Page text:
Switching to kevlar tiedown cables
Why do we need tiedowns:
Most telescope pointing errors are repeatable. These
include beam deflections caused by the motion of the azimuth
and dome. Using a pointing model (made by tracking sources), we
can get the pointing error of the telescope down to about 5 arc
seconds rms. This is needed since the FWHM beam at xband is 25
A 5 arcsecond error is a motion of 3 mm at the
feed. The repeatability of the errors allows us to position the
horns in absolute space to about 3mm.
The one pointing error that is not repeatable
is temperature. When the main cables heat up, they expand, when
they cool off ,they contract. During the night times, the
telescope will move vertically 1 inch for every 5 degree
To get the 5 arcsecond pointing rms we need to
remove the temperature variability. This is done using laser rangers
and an active tiedown system
- Note: We currently measure the air temperature. The thermal
motion of the cables depends on the cable temperature. At night,
the cable and air temperature are in equilibrium. During the day
the cable temperature can be 10 to 20 degrees above the air
temperature (at least thats what jim gould from amahan and
whitney has mentioned). So when i quote numbers for
temperature dependence, they will be valid for nighttime,
and for some hours of daytime.
The tiedown system:
The tiedown system controls the average height of
the platform. The system consists of:
- 3 jacks located under the dish below each platform corner.
- Each tiedown jack is connected to the platform corner above it
with a 1.5 inch wire rope (about 500 feet long).
- The jacks (under computer control) can apply up the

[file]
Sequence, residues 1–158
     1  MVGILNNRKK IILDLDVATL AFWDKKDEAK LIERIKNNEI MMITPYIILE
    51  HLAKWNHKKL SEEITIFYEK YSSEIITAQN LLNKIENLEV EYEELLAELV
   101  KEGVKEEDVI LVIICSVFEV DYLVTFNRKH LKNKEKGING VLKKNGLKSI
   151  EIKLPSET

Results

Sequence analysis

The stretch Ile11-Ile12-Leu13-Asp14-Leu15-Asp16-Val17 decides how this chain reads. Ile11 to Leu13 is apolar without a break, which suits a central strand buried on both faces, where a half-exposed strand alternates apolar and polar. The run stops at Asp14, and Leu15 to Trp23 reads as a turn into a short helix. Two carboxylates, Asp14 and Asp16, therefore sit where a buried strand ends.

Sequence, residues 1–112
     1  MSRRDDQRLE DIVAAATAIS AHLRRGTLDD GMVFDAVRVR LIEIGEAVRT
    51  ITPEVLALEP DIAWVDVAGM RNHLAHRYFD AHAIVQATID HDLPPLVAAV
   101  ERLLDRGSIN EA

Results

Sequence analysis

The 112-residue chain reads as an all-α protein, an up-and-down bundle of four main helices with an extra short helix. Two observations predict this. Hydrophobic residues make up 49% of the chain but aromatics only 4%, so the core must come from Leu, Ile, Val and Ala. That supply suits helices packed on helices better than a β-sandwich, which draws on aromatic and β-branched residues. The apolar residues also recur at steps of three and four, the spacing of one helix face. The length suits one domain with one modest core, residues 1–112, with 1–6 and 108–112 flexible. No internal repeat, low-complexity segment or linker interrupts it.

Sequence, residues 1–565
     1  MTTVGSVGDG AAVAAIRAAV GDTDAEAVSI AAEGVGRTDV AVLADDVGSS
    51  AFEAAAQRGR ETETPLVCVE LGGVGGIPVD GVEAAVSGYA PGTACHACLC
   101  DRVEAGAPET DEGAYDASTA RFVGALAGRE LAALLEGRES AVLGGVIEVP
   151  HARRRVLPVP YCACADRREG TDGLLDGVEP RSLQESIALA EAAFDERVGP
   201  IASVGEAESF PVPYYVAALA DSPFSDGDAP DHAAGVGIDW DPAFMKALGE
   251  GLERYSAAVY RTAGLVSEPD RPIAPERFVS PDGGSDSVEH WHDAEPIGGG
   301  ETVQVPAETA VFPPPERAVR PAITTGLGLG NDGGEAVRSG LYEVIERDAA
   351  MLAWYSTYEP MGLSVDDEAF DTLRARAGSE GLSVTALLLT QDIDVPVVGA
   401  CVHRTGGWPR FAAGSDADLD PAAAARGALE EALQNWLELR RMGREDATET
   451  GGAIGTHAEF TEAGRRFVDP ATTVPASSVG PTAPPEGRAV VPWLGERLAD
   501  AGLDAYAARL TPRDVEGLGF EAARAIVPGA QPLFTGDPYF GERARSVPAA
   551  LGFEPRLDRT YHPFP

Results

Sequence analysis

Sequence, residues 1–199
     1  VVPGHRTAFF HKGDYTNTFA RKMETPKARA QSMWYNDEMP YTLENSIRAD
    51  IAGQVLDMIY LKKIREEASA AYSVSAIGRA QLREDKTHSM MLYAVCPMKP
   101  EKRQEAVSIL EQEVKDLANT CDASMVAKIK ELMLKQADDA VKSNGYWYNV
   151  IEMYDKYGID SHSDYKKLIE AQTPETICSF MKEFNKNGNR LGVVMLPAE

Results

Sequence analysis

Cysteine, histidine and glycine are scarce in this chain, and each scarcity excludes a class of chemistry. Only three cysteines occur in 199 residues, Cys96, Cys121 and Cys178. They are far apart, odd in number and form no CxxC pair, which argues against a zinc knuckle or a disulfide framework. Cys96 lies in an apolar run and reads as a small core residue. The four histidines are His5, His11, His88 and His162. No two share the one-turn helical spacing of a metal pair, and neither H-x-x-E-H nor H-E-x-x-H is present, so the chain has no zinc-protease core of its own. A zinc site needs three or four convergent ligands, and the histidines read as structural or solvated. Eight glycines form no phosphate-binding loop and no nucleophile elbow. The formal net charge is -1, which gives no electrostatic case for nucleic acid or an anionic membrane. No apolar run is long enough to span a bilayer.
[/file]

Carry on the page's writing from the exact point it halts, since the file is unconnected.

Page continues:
120000 lbs of tension on each corner of the platform.
- A laser ranging (distomat) system measures the average
- 6 distomats around the edge of the dish measure the distance
to the platform corners every two minutes.
- A tiedown correction is computer from the measured
platform height and then sent to the tiedown computers to move
Constraints in using the tiedown system.
- The required platforn height is fixed by the optics.
- The jack throw is limited to about 20 inches.
- The tiedown cables stretch as they are pulled: 1.7 inch
tiedown motion gives 1 inch of platform motion. So the 22
inches of jack throw is about 11.8 inches of platform motion.
- temperature variation has 5 degF moving the platform 1 inch.
The 11.8 inches of platform motion maps to 60 degF of
- If the temperature goes down, the main cables decrease in
length, so the platform rises. We then pull on the tiedowns.
- The maximum tension we can apply from one tiedown is 120kips
(1 kip = 1000 lbs).
- The maximum total we can apply from all tiedowns combined is
- If the temperature goes up, the main cables get longer and the
platform sinks. We release tension in the tiedowns to move the
platform back up.
- If we ever lose tension in a tiedown cable, then we loose
the ability to move the platform up (you can't push on a wet
- We run an unbalanced system (see
platform weight distribution .gif)
- The dome weighs 220 kips.
- The carriage house (on the opposite side of the azimuth arm)
weights 35kips. When using the dome we leave the carriage
house parked at 8.8 degrees za.
- There is a fixed counterweight of 45 kips at the end
of the carriage house side of the azimuth arm.
- The tension in a tiedown cable can change if the azimuth
points at the tiedown (it goes as cos(az - azTiedown)), and then
the dome moves in za.
- If the dome moves to a high enough za, we will lose tension
in a tiedown cable (even if all of the other tiedown cable
- This is the major reason why we lose tension in a tiedown
- If the platform is lighter (higher) then this problem occurs
Problems with using the tiedown system:
- The tiedown cables are the main path to ground for the